The Interfaith Family Journal
by Susan Katz Miller
The Interfaith Family Journal is not specifically designed for someone of just one faith. In truth, it is a journal designed for postmodern families who want to explore other faiths outside of Christianity. As Miller notes:
“While many previous books on interfaith families have assumed an audience of Christian and Jewish heterosexual couples, this journal consciously strives to decenter white Christian heteronormativity, and to work for people and families representing any number of religions and identities. The idea here is to serve the growing number of interfaith families, whether Muslim/ Jewish/Buddhist, Hindu/Sikh, or Pagan/Unitarian Universalist/atheist.”
By asking questions about spirituality, the book is designed for a family to explore together their own desire for faith. Interfaith, while technically a mixture of faiths, is actually a way for families to merge all of the elements of different faiths they may like. Like a buffet, interfaith pick and choose which elements of a faith they want to embrace. This journal gives an interfaith family the tools necessary to do just that.
Such questions include:
What do you believe? Which rituals and holidays and values are most meaningful to you? How do you feel about the beliefs and traditions of the other members of your family? How can your family find or create a community where you feel comfortable? If you have children, how will you communicate to them what is most important to you and to your partner?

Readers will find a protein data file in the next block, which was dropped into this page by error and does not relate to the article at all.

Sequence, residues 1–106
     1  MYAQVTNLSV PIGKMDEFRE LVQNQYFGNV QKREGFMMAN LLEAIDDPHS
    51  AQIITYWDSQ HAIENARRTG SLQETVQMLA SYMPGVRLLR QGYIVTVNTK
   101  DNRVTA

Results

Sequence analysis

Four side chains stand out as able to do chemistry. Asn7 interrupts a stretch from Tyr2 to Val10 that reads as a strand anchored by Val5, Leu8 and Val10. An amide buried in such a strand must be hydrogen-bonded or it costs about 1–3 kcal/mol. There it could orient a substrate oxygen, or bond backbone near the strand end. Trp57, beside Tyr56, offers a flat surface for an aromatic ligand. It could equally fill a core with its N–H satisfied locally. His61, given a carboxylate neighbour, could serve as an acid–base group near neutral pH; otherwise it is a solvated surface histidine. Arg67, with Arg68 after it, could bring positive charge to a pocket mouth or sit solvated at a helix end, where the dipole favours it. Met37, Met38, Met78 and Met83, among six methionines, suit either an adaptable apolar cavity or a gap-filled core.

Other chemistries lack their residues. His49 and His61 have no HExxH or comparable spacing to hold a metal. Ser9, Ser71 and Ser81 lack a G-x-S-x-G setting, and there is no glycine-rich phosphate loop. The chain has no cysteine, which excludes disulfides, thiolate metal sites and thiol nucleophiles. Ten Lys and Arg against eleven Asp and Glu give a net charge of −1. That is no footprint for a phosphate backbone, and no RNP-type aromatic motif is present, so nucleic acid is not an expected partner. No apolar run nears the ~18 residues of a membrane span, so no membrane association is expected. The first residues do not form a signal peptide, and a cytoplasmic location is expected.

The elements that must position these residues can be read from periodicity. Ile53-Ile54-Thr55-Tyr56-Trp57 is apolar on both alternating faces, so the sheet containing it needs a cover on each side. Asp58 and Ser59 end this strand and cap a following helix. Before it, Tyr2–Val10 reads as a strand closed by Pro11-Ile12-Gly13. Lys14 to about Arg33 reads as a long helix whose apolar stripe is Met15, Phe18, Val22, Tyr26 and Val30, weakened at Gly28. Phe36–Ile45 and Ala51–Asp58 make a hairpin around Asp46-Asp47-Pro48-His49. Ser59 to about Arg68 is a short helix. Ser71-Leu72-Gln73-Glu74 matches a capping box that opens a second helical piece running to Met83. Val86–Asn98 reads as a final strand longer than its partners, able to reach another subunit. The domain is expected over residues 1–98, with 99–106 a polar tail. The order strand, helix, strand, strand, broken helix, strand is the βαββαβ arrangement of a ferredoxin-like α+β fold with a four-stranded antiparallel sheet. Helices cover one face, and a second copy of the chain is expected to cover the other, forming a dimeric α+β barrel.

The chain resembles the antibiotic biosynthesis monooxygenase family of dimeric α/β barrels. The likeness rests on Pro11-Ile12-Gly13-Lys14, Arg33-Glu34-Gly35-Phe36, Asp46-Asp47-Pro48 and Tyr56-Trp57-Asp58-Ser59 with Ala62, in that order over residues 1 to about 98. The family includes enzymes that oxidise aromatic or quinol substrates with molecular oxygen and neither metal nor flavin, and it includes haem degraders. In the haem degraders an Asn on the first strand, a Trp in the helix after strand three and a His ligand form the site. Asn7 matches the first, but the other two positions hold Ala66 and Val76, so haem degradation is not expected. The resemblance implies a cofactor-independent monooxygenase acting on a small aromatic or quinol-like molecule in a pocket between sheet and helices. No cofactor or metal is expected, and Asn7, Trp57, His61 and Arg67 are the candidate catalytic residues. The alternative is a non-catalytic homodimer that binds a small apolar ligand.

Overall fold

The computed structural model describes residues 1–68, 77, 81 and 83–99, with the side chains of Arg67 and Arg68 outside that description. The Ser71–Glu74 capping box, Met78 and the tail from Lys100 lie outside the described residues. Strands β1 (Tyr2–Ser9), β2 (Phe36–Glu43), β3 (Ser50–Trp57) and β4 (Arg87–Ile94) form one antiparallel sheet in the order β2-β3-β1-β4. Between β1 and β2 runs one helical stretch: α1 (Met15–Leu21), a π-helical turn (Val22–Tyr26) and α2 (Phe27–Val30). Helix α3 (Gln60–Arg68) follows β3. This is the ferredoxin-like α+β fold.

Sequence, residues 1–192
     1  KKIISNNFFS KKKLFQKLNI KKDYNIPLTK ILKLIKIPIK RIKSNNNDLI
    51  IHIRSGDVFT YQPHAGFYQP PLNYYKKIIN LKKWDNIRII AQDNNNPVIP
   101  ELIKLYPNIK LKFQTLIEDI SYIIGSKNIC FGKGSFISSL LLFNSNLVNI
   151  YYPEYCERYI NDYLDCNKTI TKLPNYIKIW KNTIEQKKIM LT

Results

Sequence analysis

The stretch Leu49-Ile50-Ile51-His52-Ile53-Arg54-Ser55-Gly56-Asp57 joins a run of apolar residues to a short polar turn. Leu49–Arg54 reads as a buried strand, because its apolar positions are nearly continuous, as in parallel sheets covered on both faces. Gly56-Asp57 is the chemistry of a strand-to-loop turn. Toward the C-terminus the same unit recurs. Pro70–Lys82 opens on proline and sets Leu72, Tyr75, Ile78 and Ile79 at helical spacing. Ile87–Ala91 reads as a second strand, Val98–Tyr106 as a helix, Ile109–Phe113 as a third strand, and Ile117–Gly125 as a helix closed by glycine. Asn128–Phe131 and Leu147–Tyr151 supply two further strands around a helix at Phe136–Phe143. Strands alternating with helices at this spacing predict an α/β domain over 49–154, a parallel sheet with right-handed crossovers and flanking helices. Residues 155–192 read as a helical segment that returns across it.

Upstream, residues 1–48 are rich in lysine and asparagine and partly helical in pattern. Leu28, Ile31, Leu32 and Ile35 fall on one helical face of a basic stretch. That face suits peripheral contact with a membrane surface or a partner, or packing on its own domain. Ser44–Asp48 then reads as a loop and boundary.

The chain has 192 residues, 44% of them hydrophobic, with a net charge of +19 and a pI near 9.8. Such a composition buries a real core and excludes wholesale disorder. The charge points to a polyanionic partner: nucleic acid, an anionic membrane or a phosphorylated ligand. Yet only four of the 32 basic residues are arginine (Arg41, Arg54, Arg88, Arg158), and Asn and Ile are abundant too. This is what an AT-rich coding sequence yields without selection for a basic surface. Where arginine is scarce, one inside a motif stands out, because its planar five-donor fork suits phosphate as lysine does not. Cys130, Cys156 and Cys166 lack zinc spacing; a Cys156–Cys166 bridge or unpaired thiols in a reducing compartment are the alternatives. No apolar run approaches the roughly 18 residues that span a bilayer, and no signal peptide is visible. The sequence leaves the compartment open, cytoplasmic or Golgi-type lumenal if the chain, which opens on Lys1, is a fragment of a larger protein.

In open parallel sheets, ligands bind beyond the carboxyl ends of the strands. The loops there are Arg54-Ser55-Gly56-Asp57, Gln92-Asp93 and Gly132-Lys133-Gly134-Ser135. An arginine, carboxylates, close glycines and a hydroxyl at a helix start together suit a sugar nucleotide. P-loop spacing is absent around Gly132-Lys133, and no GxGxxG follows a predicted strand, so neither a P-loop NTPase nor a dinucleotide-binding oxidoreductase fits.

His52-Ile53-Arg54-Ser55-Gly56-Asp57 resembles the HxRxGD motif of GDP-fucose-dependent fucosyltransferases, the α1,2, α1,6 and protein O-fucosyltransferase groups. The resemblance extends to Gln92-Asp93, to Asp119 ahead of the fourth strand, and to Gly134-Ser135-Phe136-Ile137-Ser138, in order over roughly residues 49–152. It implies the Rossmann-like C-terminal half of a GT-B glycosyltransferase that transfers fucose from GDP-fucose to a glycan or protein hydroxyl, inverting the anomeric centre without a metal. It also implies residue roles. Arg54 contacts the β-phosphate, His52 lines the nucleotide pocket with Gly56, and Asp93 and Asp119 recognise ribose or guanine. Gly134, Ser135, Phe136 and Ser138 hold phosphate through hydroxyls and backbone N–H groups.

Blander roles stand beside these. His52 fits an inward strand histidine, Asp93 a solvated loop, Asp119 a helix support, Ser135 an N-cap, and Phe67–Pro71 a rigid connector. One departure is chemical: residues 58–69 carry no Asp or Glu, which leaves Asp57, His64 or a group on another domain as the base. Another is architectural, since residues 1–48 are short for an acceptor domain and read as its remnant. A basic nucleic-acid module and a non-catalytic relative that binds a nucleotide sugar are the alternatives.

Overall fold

The journal guides a family through a five-week process. For each week, there are a set of
I commend this book for helping people who have different religious backgrounds to come together and explore their faith together. The book has a suggested for each chapter: (1) write, (2) read, (3) discuss, (4) create, and (5) consult resources.
The book is divided into five weeks of activities. During each week, the book explores a different element that helps the family integrate various faiths into the family system. The themes explored include: honoring origins, creating home, finding community, marking transitions, and reaching out to family.
The book ends with an extensive bibliography that shares resources the reader can later choose to explore further. This bibliography includes sections about: pluralism and interfaith history, interfaith families, books for children, and the life cycle (birth, marriage, death).
The themes in this book are broad enough that a family who comes together from different Christian backgrounds can use this book. Yet, the book is primarily designed to help those from different religions.
Disclosure of Material Connection: I received this book free from the author and/or publisher through the Speakeasy blogging book review network. I was not required to write a positive review. The opinions I have expressed are my own. I am disclosing this in accordance with the Federal Trade Commission’s 16 CFR,Part 255.